From the exuberant text to the bold, colorful artwork, a joyous spirit pervades this picture book and its fallible yet lovable protagonist. Fine for reading aloud to preschoolers who suspect that they may be fallible yet hope that they are still lovable.
—Booklist (starred review)
As always, Cousins invigorates her cartoons with color and charm. Her splotches and whirls convey depth and movement. The simply drawn characters have a comic flair and, like Ladybug in her tutu, beguile upon first glance. This well-told tale of competitive obsession belongs in all collections.
—School Library Journal (starred review)
Dog and his friends live in a world of exuberant color, full of splashes and splatters, but Dog himself can be a little tiresome. Ladybug, Mole, Goose, and Donkey suffer patiently through his everlasting boasting: he can run faster than Mole, dig better than Goose, and outdo the other two as well. Cousins (Yummy) conveys the mixed feelings Dog's big talk creates: “I feel sad,” says Donkey. “Me, too,” agrees Goose. “Actually...” Mole says, “I can dig holes much longer and much deeper than you, Dog. So I win. I'm the best.” Sure enough, when the tables are turned, all the animals can top Dog in some way. Stung, Dog has a low moment (“I'm just a silly show-off”) and apologizes. The friends embrace and comfort him (“you are the best at having beautiful fluffy ears”), and in no time, Dog is off again (“Obviously having beautiful fluffy hears is the most important thing. So I AM the best”), his true temperament reasserting itself. Dog's reversion to type will evoke either one last giggle or a groan, but the message hits. Ages 2-5. (May)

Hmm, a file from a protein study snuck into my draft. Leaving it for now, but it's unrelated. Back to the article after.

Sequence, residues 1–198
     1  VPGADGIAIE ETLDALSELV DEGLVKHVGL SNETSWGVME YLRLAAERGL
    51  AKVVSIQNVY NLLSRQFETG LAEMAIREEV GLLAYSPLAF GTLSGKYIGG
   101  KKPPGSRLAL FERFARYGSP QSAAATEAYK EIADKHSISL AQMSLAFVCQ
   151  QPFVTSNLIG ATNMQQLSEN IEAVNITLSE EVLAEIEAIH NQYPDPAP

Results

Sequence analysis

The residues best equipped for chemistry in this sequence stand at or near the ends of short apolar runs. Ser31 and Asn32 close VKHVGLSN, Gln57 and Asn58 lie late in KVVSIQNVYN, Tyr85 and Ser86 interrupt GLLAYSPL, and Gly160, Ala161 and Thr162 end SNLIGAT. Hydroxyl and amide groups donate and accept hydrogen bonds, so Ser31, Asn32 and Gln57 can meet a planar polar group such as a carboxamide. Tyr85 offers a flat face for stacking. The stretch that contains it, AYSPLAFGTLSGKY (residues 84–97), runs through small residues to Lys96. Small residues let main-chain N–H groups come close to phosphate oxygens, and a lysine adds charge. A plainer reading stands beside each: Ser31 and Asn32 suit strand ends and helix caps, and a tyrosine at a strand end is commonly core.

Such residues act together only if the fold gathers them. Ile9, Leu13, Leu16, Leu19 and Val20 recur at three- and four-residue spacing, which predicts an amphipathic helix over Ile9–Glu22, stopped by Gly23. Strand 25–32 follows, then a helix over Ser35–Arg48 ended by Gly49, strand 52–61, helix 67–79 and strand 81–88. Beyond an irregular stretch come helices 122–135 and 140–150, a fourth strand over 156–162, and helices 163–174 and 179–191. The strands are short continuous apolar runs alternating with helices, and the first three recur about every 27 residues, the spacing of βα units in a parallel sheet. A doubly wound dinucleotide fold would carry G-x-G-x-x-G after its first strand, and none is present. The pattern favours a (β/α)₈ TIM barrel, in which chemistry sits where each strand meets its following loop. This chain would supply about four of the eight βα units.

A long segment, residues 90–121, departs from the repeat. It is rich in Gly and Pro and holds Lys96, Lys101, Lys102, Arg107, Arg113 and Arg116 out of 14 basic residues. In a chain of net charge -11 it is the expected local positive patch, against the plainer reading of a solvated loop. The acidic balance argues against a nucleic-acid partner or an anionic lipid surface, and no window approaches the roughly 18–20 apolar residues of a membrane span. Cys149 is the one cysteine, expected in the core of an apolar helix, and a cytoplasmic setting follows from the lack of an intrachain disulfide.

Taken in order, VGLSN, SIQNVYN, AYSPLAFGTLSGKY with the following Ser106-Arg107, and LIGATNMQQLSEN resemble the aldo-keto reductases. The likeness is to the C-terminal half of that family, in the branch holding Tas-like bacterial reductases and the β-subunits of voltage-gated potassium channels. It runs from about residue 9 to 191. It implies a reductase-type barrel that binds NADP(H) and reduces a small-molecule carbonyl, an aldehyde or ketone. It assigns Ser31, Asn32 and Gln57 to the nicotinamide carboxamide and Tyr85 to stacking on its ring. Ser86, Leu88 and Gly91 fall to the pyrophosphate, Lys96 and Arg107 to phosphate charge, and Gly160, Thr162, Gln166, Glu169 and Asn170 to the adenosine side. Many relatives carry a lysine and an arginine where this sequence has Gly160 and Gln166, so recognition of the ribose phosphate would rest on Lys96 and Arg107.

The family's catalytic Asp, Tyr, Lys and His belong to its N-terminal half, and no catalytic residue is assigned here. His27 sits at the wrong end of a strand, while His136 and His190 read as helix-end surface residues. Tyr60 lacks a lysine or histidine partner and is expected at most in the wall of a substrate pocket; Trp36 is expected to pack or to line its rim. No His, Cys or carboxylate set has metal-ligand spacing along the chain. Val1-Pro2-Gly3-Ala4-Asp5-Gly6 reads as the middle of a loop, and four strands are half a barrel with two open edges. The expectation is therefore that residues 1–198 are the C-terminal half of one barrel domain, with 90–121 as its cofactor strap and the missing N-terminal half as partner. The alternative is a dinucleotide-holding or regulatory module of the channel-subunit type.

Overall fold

PreS-Gr 1—Jaunty in rainbow-plaid pants, Dog discovers ways to compete with each of his friends. However, he quickly learns that although he swims better than Donkey, Goose is the best swimmer, and Donkey wins the height contest. Finally devastated by his inferiority and shamed by the shabby way he's treated his pals, the orange pup apologizes to Ladybug, Mole, Goose, and Donkey. During a group hug, they kindly assure him that he's the best at having "beautiful fluffy ears. And we love you." The story ends with Dog confident that his talent is the most important of all, so, in fact, he is still "the best." As always, Cousins invigorates her cartoons with color and charm. Her splotches and whirls convey depth and movement. The simply drawn characters have a comic flair and, like Ladybug in her tutu, beguile upon first glance. This well-told tale of competitive obsession belongs in all collections.—Gay Lynn Van Vleck, Henrico County Library, Glen Allen, VA
Jubilant colors buoy this profile of a braggart. "I'm the best," announces an orange-and-red canine, three limbs raised gleefully. Competition with his pals (Ladybug, Mole, Goose and Donkey) trumps fondness: "I love them. They're great, but I'm the best." Dog trumpets, "I win. I'm the best," after each victory-all rigged via selection of competitor. Of course Dog digs holes better than Goose and swims better than Donkey, but what if hole-digging were matched against Mole and swimming against Goose? The new winners are each best at something, while sore loser Dog sobs that he's "horrible at everything" and was "mean to my friends." He apologizes; they assure him he's the best at "being our best friend" and "having beautiful fluffy ears." Apparently you can't teach an old Dog new tricks, though, for braggadocio gets the last word: "Oh, phew! Obviously having beautiful fluffy ears is the most important thing. So I AM the best." Relish Cousins's lusciously vibrant, liquid-textured inks and the thick pencil lines that boldly match the boasting. (Picture book. 3-5)